Starring Clayton Lebouef

The veteran of Center Stage, `The Wire' and `Homicide' is appearing in `Gem'

February 08, 2007|By Gena R. Chattin | Gena R. Chattin,sun reporter

Actor Clayton LeBouef is on a journey. At his grandfather's funeral, LeBouef first learned the man's middle name: Cowealtha. No one still living in his family knew what it meant. Research pointed to African origins, but LeBouef is "still on the search."

It's a journey similar to the one in August Wilson's Gem of the Ocean, now playing at Arena Stage in Washington. Set in 1904, Gem is the first in Wilson's cycle tracing the African-American experience through each decade of the 20th century. In Gem, African-Americans in the first generations after emancipation seek out those born into slavery for wisdom and, sometimes, for redemption.

LeBouef, a repeat performer at Center Stage, plays Eli. He's best known locally for such Baltimore-based roles as Orlando in The Wire and Capt. Barnfather in Homicide: Life on the Street.

In Gem, he says Eli is the "gatekeeper" for the soul-cleansing Aunt Ester. At age 285, Ester has lived throughout slavery in the United States. Her wisdom inspires former slaves and those born after to come to her for soul washing. "When people come to get their soul washed, they have to come through Eli first," LeBouef said.

Eli is a mysterious character to LeBouef compared with other Wilson characters he's portrayed. Prior roles as Wolf in Two Trains Running and Canewell in Seven Guitars had long monologues that revealed each character's past. Eli, on the other hand, is left open to interpretation.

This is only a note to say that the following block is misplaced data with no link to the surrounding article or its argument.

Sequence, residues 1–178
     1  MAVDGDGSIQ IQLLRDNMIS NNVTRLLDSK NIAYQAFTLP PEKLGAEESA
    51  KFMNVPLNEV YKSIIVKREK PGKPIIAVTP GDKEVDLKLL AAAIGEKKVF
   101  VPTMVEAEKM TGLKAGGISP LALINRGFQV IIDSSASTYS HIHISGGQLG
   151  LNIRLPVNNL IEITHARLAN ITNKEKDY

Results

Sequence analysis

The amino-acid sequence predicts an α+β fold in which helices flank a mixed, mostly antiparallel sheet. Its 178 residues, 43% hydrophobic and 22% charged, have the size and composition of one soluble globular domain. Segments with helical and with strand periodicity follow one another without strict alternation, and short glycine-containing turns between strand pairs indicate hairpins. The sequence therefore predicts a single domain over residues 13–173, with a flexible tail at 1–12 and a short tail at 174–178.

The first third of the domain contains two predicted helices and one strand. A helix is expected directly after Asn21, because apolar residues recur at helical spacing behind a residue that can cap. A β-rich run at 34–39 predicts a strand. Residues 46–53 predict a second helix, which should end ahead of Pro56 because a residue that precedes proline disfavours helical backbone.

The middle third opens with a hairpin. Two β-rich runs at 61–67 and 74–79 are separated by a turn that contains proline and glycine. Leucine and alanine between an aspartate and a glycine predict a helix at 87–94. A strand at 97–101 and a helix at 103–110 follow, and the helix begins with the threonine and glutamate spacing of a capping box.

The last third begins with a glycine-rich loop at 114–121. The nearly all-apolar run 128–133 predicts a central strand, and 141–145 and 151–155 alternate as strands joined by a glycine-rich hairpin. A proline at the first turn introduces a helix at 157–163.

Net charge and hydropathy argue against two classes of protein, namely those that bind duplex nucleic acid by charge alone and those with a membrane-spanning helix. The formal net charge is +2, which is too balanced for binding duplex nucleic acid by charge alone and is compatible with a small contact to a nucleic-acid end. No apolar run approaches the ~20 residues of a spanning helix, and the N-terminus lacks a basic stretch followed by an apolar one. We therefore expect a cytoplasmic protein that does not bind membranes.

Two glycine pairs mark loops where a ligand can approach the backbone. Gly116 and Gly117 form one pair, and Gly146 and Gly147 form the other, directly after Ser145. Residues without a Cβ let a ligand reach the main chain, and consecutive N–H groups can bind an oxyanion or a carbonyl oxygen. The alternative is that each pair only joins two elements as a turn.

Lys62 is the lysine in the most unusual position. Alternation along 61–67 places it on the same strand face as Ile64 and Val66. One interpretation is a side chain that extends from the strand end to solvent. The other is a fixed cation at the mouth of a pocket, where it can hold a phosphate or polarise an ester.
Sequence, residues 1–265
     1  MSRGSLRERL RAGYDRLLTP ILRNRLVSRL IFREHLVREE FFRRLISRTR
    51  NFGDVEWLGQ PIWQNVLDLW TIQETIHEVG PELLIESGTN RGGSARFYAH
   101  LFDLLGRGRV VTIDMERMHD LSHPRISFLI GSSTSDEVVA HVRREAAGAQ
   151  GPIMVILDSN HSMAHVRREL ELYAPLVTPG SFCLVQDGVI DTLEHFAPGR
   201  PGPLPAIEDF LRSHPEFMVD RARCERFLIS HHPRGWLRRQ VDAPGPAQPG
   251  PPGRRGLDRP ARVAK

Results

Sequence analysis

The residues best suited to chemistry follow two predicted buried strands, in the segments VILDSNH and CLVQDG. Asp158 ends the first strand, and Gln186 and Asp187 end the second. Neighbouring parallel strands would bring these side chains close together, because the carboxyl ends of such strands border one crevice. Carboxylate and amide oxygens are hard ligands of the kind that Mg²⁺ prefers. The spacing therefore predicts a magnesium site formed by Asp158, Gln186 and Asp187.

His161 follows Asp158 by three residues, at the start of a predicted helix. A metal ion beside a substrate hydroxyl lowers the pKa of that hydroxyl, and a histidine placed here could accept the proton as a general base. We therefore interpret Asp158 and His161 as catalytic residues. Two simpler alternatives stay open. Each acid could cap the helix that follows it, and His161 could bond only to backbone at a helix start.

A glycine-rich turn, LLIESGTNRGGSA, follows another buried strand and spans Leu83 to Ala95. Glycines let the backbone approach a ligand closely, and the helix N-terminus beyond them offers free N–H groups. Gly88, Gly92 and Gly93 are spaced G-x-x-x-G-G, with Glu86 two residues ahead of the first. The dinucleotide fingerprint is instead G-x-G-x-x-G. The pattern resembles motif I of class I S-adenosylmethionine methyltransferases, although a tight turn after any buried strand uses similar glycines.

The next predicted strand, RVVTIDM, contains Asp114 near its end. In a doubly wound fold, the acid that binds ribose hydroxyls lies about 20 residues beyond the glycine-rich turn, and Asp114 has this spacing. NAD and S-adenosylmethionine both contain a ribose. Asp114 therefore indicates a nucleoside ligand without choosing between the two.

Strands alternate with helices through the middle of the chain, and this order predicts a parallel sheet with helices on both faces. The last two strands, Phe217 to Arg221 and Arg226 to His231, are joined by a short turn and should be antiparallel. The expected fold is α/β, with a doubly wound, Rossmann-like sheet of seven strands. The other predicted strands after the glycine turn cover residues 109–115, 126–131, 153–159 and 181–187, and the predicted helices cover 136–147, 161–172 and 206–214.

"I look at Eli as very heroic because he opens up the sanctuary and welcomes in these troubled souls," LeBouef said. He sees Eli as a Gandhi figure, a man who deals with violence in a violent world by transforming it into peace.

Communication in Gem is also key. LeBouef points out that Wilson's dialogue carefully avoids calling people "slaves" but, rather, describes them as "enslaved people."

"Using the word `enslavement' is important," LeBouef said. "We will have a clearer picture that these people were not born slaves." He says that this subtle change in language allows us to get to the real history of enslaved people, their civilizations and their cultures before the Middle Passage.

LeBouef, 52 and a native of Yonkers, N.Y., is likely to stay in the Baltimore-Washington area, where he says great things are happening in film and television.

"If it weren't for Baltimore, I probably wouldn't be living here in the area," he said. "I would have moved on to California or New York, and reluctantly. The work that's coming out of Baltimore, the film, the quality of the film, the work, it's touching people on the streets. I know the entire film industry is watching Baltimore."

This year LeBouef will take on a role in a movie adaptation of Charles W. Chesnutt's short story "The Doll," to be produced by Dante James, who earned an Emmy for his PBS documentary series Slavery and the Making of America. The Doll will also team LeBouef once again with screenwriter Joy Lusco Kecken, who wrote for Homicide: Life on the Street and The Wire.

Showtimes at Arena, 1101 Sixth St. S.W., Washington, are 7:30 p.m. Tuesdays, Wednesdays and Sundays; 8 p.m. Thursdays-Saturdays; with matinees at 2 p.m. Saturdays and Sundays; and at noon Feb. 28 and March 14. The play runs through March 18. Tickets are $46-$66. Call 202-488-3300 or go to arenastage.org.

gena.chattin@baltsun.com

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